Even after decades of well-documented murder and plunder, even after the International Criminal Court indicted him and a U.S. president dispatched special forces to help catch him, African warlord Joseph Kony remained largely obscure to the West.
That changed this week, with the viral proliferation of a smoothly produced 29-minute video, "Kony 2012," that calculatedly taps the power of social media to target the fugitive leader of the Lord's Resistance Army.
By Thursday, three days after its release on YouTube, the video had been viewed 40 million times, fueled by Tweets from celebrities including Rihanna, Oprah Winfrey and P. Diddy.
"Can I tell you the bad guy's name?" Jason Russell, co-founder of the San Diego-based nonprofit Invisible Children, asks his young son in the video.
Russell then shows him Kony's photo and explains to viewers that the LRA abducts children like him for use as sex slaves and child soldiers. Then he inveighs against the possible withdrawal of U.S. troops sent by President Barack Obama last year to help African troops catch Kony.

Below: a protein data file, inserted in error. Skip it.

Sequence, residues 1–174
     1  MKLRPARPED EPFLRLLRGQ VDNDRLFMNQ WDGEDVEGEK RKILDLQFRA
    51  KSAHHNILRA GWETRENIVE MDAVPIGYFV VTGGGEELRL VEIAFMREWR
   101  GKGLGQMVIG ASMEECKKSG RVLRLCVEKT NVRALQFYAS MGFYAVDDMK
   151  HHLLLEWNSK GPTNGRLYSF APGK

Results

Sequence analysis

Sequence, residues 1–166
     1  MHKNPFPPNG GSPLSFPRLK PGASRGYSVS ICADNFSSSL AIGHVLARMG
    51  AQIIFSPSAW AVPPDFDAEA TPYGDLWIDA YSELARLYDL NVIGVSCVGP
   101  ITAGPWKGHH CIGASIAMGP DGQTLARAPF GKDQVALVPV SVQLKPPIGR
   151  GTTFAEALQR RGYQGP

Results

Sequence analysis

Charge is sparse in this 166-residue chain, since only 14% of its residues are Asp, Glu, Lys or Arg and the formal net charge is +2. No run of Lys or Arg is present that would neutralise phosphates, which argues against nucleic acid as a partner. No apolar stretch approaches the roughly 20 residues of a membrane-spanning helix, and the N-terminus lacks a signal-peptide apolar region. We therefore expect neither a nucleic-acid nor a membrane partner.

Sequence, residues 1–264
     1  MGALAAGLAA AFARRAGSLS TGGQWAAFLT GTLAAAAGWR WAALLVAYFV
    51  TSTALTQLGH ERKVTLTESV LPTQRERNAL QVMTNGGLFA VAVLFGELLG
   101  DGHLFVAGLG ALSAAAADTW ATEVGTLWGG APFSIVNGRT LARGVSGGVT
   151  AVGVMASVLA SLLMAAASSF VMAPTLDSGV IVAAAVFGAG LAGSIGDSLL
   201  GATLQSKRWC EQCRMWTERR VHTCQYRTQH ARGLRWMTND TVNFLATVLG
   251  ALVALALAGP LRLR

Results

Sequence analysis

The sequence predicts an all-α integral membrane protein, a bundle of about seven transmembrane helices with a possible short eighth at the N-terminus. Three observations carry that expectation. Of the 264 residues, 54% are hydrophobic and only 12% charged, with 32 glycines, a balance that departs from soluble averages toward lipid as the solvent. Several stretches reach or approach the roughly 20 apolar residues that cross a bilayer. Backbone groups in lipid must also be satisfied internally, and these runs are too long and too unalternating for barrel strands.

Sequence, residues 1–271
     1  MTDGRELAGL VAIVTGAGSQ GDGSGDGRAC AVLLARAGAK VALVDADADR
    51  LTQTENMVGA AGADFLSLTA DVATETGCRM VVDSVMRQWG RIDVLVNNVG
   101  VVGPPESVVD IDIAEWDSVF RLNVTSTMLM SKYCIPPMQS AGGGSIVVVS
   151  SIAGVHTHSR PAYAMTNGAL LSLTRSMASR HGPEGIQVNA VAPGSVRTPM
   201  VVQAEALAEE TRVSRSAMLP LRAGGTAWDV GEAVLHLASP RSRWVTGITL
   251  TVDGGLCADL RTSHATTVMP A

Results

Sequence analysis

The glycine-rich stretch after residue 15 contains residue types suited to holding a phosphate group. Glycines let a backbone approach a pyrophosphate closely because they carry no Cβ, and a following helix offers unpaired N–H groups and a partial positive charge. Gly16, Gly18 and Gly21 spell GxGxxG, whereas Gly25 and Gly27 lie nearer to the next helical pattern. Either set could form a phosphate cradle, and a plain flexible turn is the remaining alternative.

The video marks the latest example of how social media have transformed political activism. The video's popularity reflects the power of Facebook and Twitter to galvanize a generation moved by vivid, instantly downloadable images and the entreaties of celebrities.
But also it reflects how quickly the same online universe can erupt with countermessages. No sooner had "Kony 2012" gone wildly viral than critics on the blogosphere were attacking it for a host of perceived sins, from sentimentality to Western arrogance to dangerous oversimplification.
"The war is much more complex than just one man called Joseph Kony," Ugandan journalist Rosebell Kagumire argued in a YouTube video, describing the Invisible Children video as the work of "an outsider trying to be a hero, rescuing African children."
Ugandan blogger Musa Okwonga wrote he was stunned to find people tweeting furiously about his country. His mother's family is from Gulu in Northern Uganda, which became infamous as a target of Kony's violence, although the warlord fled the country years ago.
"All of a sudden, my family's region was famous -- or, at least, trending on Twitter. What was all this about?" he wrote.